Navajo-Hopi Nations,Flagstaff & Winslow News
Sat, April 04

New book, TV series follows 2017-18 Chinle Wildcats
'Canyon Dreams: A Basketball Season on the Navajo Nation' author shares about book

Game time. From left: Chinle Basketball Coach Raul Mendoza and assistant coaches Beau Natay and Ned Curley prepare for a 2017-2018 game. (Photo by Nathaniel Brooks)

Game time. From left: Chinle Basketball Coach Raul Mendoza and assistant coaches Beau Natay and Ned Curley prepare for a 2017-2018 game. (Photo by Nathaniel Brooks)

FLAGSTAFF, Ariz. — Michael Powell, author of ‘Canyon Dreams: A Basketball Season on the Navajo Nation,’ acknowledges he doesn’t need to tell Navajo students about the realities of life on the reservation or the struggles kids face in deciding their futures — whether to stay on the reservation or leave.

But ‘Canyon Dreams’ does delve into the realities kids faced during the 2017-2018 basketball season and explores why Chinle, a town of about 4,500, packs the Wildcats gymnasium full of fans and family, who sometimes travel vast distances across the reservation to watch the games.

One of the reasons is known as Rez ball, a particular brand of basketball which involves running the full length of the court, up and down, full speed, non-stop.

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Raul Mendoza rarely stomps, and yet more rarely yells during a game. But his eyes, those of a raptor, miss little. (Photo by Nathaniel Brooks)

“At its best, it’s a beautiful style of basketball...,” Powell said. “It’s a lot of fun to watch because it’s so fast. There’s such an emphasis on passing. Played badly, it becomes chaotic, but when it’s played well, it’s a lot of fun.”

Embedded with the team, Powell got to know much more about the players and the coaches than just simply basketball. He admits that for much of the country, who know little about the Navajo reservation, or the border towns surrounding it, it’s like he is talking about a different world.

“You tell people that the Navajo reservation is the size of West Virginia and people look at you cross-eyed,” Powell said. “They have no idea. They have no idea that 160,000 people live on the reservation.”

They have no idea that families grow up without electricity or running water, or the cycles of poverty and alcoholism that are everyday life to some on the reservation.

Given that, Powell said he was most struck by the kids intense sense of belonging, even with all the social and economic hardships they face.

“I think that is one of the things that really interested me,” Powell said. “It accentuates the challenge that young teenagers have as they approach the end of high school. In this place they are surrounded by their clans, cousins, aunties, uncles and they ask, ‘What do I do? If I do go to Phoenix, Tucson, Vegas, LA can I make it out there?”

It was a question that Powell found a lot of the kids asking and struggling with as he followed them around for the basketball season.

Powell’s book also follows Chinle basketball coach Raul Mendoza and athletic director Shaun Martin, who have double duty as coaches, but also life coaches, who are molding young men.

Powell says Mendoza is a good coach, maybe not brilliant with some unbelievable offense, but with a grasp of fundamentals. But, more importantly, Mendoza has what he calls head work and he has lived a lot of what the kids go through.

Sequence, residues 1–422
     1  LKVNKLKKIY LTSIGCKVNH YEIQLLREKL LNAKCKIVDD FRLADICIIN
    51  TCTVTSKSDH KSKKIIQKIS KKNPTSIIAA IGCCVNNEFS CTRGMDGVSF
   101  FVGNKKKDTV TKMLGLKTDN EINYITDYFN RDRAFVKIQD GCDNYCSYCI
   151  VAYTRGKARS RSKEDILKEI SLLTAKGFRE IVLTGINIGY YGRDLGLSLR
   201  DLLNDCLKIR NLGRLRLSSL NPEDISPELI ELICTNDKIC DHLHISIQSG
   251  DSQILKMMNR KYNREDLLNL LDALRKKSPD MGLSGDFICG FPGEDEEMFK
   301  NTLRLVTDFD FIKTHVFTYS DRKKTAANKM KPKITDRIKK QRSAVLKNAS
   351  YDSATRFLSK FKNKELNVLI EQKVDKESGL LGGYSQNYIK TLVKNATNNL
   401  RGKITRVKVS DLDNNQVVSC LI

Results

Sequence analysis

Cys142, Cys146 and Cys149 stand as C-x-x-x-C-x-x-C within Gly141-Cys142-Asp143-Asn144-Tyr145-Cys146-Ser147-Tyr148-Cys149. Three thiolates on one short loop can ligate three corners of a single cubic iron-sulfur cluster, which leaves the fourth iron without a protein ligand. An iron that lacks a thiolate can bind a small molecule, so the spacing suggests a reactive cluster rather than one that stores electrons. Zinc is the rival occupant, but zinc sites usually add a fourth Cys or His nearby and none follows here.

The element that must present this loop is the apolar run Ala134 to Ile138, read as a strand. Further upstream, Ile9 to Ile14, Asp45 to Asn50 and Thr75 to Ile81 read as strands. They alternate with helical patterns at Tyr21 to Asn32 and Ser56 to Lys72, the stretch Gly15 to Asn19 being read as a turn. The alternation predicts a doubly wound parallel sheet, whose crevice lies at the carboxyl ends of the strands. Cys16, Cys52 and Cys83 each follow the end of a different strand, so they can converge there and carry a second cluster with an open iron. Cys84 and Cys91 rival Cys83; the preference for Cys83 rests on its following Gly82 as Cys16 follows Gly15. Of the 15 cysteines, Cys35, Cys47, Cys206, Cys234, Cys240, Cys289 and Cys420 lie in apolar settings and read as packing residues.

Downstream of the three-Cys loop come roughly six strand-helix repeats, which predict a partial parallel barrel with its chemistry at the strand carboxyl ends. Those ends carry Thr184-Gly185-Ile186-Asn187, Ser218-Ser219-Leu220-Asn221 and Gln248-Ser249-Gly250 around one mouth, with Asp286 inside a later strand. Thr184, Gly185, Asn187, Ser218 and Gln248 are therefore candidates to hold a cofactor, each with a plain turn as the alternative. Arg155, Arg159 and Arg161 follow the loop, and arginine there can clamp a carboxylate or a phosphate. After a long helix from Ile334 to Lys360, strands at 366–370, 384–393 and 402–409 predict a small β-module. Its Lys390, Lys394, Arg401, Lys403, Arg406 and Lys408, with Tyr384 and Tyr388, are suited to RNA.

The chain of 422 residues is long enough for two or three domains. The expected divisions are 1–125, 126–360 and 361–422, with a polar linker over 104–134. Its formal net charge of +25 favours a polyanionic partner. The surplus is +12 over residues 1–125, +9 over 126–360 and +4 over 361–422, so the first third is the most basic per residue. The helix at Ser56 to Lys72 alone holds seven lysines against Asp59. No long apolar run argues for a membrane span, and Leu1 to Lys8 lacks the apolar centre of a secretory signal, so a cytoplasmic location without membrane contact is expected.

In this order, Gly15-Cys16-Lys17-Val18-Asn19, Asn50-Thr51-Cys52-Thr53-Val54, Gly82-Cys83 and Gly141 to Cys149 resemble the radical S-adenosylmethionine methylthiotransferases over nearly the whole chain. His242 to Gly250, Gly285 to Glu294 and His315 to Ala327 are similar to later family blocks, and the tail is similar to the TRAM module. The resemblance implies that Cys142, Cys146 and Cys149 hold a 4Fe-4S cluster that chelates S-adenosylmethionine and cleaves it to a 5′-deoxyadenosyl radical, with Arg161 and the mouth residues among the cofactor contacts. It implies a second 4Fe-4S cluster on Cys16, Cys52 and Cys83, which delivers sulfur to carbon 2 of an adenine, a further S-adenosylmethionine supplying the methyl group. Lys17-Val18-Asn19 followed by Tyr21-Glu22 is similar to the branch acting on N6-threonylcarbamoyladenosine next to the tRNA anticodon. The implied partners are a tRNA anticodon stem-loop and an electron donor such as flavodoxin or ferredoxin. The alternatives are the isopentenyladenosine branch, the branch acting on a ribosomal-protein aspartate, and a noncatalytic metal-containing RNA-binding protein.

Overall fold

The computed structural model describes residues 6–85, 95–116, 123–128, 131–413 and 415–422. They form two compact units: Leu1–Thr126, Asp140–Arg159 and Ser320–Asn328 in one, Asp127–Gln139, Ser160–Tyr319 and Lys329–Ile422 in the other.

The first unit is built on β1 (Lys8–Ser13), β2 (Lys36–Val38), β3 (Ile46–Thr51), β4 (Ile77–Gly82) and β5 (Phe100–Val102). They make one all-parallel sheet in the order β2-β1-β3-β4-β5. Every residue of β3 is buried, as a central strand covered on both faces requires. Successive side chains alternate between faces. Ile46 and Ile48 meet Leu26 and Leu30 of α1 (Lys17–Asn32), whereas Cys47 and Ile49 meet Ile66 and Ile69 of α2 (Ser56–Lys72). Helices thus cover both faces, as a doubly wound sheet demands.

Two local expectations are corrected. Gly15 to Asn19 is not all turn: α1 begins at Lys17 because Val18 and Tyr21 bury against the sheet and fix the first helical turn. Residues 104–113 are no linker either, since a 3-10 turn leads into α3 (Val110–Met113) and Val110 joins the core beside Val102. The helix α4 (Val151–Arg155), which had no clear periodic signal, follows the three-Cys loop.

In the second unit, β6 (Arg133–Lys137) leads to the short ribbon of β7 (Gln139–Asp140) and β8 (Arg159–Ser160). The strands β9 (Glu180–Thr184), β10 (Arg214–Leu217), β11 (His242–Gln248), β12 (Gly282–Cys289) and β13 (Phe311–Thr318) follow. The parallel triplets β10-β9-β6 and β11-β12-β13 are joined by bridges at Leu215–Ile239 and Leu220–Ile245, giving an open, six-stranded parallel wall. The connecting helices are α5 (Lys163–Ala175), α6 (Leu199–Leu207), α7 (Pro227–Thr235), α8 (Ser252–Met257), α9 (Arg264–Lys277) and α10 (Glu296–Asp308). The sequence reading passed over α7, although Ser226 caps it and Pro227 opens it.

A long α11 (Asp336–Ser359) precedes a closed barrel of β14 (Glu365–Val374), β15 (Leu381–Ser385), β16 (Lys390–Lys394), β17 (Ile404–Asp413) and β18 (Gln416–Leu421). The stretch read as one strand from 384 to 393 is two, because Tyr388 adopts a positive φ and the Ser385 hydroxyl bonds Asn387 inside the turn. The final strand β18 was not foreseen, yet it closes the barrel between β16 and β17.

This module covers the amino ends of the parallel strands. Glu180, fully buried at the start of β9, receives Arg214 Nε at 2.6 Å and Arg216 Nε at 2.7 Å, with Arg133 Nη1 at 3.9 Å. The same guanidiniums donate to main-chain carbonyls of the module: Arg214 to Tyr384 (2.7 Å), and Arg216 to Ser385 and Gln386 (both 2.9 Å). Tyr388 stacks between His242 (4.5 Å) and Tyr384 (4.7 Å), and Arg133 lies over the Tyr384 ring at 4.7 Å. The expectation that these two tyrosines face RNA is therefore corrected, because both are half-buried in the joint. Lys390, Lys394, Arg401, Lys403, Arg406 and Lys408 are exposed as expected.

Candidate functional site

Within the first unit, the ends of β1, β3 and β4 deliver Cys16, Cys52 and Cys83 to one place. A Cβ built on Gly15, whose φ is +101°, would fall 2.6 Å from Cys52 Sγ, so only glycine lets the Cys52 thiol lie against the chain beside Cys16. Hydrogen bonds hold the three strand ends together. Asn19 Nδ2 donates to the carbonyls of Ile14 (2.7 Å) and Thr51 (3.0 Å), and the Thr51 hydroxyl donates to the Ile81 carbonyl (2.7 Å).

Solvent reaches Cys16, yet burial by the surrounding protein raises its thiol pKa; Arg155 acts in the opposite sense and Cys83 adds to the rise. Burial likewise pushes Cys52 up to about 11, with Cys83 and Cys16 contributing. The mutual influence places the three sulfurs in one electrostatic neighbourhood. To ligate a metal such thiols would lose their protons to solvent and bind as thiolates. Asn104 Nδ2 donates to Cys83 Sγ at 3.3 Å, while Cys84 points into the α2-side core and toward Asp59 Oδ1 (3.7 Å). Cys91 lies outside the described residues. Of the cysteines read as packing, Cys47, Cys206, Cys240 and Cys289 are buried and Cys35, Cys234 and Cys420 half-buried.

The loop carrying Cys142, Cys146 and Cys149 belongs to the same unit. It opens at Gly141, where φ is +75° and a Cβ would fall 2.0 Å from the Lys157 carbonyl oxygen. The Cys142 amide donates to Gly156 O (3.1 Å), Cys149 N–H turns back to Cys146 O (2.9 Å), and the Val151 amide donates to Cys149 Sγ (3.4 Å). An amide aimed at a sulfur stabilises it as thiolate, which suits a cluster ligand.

“Mendoza has coached on and around the Navajo reservation his entire career,” Powell said. “He talks about a lot of this with the kids. I could tell, particularly at first, they’re kind of wondering, ‘What’s this all about?’ But I do think, there’s a method to what he is doing. My sense is they’re both [Mendoza and Shaun Martin] they are there as coaches, but they are also a counselor.”

Powell recounts talking to one of the players he writes about — the player had already graduated the previous year and he was a bright, thoughtful, introspective guy, who took AP classes.

“He had the brains and the ability to go to a four-year college and he was struggling with that,” Powell said. “There’s a scene in the book where he drives to take his SAT and he sits in the parking lot for twenty minutes and then drives away. He kicks himself a lot about that.”

Again, Powell said he knows this struggle is one the people, particularly the kids, in northern Arizona are familiar with. The fear of failure, but also the fear of success.

Powell said he did find some parallels to other small communities in some of the stories he witnessed, even while those communities were not Native.

“There are a lot of similarities, the fear and some of that stuff,” Powell said. “It did feel to me there was a universality to some of these stories.”

Powell does admit, though, that he hadn’t thought of his book in terms of how people who live on the Navajo Nation would view it.

“I guess the most I could hope for is they feel that is was an accurate representation of their life, history and culture,” Powell said. “I am not a Navajo. I read a ton, talked to all kinds of people from Navajo officials to Medicine Men. I would hope that this registers as accurate and honest to what their experiences are.”

Powell has been a writer at The New York Times since 2007, and a “Sports of The Times” columnist since 2014. Before joining The Times, he worked for The Washington Post from 1996-2006, where he covered the 2000 presidential campaign and last served as New York bureau chief.

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